To roast a side of salmon that was silky throughout and evenly browned across its surface, we salted it for an hour, which helped the flesh retain moisture and protein (which would otherwise seep out unattractively during roasting). Placing it on a greased aluminum foil sling ensured that it was easy to transfer to a serving platter. For cooking, we set the salmon on a wire rack set in a rimmed baking sheet to encourage air circulation around the fillet. Evenly brushing the salmon's surface with honey encouraged rapid browning. We found that a three-step cooking process gave us the best results. First, we preheated the oven to 250 degrees to warm the entire oven, which ensured that cooking happened quickly and evenly. Second, we broiled the fillet until it just began to brown. Third, we again turned the oven heat to 250 degrees to allow the fillet to gently cook through.
[Ed. note: America's Test Kitchen host Bridget Lancaster explains raw honey vs regular honey, and the different flavors you can expect from a range of varieties in her interview with Managing Producer Sally Swift.]
This recipe requires salting the fish for at least 1 hour. Look for a fillet that is uniformly thick from end to end. The surface will continue to brown after the oven temperature is reduced in step 4; if the surface starts to darken too much before the fillet's center registers 125 degrees, shield the dark portion with aluminum foil. If using wild salmon, which contains less fat than farmed salmon, remove it from the oven when the center of the fillet registers 120 degrees.
1. Sprinkle flesh side of salmon evenly with 1 tablespoon salt and refrigerate, uncovered, for at least 1 hour or up to 4 hours.
2. Adjust oven rack 7 inches from broiler element and heat oven to 250 degrees. Line rimmed baking sheet with aluminum foil and place wire rack in sheet. Fold 18 by 12-inch piece of foil lengthwise to create 18 by 6-inch sling. Place sling on wire rack and spray with vegetable oil spray.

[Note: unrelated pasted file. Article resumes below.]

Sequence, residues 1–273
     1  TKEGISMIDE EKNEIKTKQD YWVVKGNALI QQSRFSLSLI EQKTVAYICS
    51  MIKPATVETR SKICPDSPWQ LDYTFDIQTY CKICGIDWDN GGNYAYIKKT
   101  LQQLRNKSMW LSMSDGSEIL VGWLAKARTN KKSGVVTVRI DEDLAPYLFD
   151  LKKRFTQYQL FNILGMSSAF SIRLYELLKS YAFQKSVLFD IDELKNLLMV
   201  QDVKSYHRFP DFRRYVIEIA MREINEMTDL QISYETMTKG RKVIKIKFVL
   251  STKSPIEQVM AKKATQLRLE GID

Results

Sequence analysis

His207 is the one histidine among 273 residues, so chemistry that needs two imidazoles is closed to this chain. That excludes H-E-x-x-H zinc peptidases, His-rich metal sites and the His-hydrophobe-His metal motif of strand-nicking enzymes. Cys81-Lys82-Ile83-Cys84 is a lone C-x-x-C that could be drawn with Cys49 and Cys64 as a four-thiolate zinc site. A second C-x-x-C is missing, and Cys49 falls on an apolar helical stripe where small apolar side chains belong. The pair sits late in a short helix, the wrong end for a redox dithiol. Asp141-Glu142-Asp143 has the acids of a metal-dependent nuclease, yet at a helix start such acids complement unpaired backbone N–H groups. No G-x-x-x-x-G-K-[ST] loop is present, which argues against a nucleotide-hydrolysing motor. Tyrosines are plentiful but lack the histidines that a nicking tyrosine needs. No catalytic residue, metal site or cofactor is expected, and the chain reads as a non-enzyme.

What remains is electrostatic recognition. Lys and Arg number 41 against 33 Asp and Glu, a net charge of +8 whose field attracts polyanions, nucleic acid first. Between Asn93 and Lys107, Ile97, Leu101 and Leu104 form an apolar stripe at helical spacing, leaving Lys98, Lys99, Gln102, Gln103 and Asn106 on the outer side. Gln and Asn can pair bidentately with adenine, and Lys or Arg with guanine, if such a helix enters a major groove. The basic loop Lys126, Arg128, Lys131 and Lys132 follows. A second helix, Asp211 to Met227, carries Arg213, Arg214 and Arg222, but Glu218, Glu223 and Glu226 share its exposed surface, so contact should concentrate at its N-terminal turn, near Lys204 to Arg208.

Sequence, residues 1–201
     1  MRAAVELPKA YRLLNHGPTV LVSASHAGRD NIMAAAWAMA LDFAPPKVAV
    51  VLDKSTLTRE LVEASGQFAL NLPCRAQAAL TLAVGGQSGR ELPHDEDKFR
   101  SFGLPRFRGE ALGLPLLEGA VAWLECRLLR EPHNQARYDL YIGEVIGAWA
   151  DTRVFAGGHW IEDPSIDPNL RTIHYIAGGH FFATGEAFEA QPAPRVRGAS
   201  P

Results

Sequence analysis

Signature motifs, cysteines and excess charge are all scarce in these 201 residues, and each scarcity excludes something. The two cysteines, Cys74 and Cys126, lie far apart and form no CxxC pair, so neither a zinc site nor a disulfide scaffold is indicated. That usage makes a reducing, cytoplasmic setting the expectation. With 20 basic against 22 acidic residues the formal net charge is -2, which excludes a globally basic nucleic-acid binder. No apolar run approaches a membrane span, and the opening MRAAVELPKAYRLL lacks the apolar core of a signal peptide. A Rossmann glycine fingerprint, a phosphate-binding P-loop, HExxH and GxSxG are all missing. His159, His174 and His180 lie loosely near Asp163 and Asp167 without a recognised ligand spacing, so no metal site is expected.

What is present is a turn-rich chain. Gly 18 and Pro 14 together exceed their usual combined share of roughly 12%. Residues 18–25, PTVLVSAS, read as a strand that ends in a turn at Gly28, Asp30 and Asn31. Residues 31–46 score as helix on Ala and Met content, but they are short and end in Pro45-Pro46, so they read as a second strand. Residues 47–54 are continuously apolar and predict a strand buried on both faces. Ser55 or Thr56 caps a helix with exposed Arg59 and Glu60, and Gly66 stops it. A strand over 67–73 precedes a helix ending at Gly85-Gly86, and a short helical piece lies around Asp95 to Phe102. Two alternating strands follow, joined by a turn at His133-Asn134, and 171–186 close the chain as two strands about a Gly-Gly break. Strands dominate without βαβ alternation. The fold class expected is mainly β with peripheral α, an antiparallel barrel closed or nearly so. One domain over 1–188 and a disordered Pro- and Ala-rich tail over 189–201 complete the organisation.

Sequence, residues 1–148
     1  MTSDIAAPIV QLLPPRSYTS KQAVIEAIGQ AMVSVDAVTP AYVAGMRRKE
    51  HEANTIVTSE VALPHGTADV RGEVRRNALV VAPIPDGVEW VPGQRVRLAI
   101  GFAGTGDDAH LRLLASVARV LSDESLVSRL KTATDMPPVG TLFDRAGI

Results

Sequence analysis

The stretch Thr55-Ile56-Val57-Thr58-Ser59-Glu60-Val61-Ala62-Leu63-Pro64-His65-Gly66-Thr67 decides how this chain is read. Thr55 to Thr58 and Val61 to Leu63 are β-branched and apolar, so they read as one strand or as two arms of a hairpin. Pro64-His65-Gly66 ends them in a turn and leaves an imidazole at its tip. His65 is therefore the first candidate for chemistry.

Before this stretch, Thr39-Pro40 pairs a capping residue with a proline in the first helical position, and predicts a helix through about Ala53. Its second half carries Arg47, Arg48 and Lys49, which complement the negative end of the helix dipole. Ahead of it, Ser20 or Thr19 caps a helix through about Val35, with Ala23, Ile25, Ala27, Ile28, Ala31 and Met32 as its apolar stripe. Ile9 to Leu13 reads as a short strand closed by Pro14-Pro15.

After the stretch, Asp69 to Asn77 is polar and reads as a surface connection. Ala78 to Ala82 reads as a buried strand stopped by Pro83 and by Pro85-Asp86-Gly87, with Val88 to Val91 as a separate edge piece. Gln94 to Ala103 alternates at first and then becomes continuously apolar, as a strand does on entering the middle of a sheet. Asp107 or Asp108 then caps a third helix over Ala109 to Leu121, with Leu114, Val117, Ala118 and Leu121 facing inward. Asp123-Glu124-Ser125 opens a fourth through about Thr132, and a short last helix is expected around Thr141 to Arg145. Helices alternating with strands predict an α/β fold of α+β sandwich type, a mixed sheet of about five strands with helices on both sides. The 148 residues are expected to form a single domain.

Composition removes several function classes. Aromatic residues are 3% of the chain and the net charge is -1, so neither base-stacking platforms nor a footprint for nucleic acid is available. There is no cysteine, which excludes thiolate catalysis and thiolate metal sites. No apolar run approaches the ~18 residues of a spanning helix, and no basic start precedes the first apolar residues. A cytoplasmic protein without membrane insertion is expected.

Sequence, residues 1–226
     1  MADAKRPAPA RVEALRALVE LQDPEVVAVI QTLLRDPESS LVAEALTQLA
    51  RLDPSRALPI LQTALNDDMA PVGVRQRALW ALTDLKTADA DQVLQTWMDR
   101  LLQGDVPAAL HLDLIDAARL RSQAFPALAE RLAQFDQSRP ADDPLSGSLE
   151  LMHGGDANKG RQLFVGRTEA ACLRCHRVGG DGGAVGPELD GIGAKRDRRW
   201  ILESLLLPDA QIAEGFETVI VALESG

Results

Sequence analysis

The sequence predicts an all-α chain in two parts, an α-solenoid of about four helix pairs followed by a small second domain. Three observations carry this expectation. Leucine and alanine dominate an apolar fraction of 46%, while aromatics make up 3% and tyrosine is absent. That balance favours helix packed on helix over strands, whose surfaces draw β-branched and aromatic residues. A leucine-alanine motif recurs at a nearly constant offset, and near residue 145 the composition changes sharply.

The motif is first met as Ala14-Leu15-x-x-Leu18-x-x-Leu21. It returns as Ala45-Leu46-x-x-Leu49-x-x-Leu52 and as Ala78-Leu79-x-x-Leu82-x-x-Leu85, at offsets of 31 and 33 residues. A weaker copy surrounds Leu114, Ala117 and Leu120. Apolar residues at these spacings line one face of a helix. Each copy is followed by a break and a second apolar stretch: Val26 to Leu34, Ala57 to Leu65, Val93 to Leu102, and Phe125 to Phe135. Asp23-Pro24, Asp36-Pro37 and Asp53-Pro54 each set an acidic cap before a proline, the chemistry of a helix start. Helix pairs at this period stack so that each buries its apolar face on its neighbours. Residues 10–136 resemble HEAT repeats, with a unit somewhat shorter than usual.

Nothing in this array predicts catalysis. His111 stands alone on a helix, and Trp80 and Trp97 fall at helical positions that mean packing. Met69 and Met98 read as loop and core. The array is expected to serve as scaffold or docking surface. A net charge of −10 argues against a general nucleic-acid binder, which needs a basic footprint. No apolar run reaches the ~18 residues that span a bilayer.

3. Heat broiler. Pat salmon dry with paper towels and place, skin side down, on foil sling. Brush salmon evenly with honey and broil until surface is lightly but evenly browned, 8 to 12 minutes, rotating sheet halfway through broiling.
4. Return oven temperature to 250 degrees and continue to cook until center of fillet registers 125 degrees, 10 to 15 minutes longer, rotating sheet halfway through cooking. Using foil sling, transfer salmon to serving platter, then carefully remove foil. Serve, passing lemon wedges separately.
The Sweet Spot for Even Browning: To find the best way to brown the salmon as quickly as possible, America's Test Kitchen coated one portion of the fillet with granulated sugar and another portion with honey and left the remaining portion uncoated. After broiling the fillet, we compared the results. The sugar-coated portion (left) was spotty and almost as pale as the uncoated portion (center), but the honey-coated portion (right) was deeply and evenly browned. Why? The sugars in honey caramelize more rapidly than does white sugar/sucrose, which must first break down into fructose and glucose before it can caramelize.
On each episode of The Splendid Table we visit with the test cooks at America’s Test Kitchen to discuss a wide range of topics including recipes, ingredients, techniques and kitchen equipment.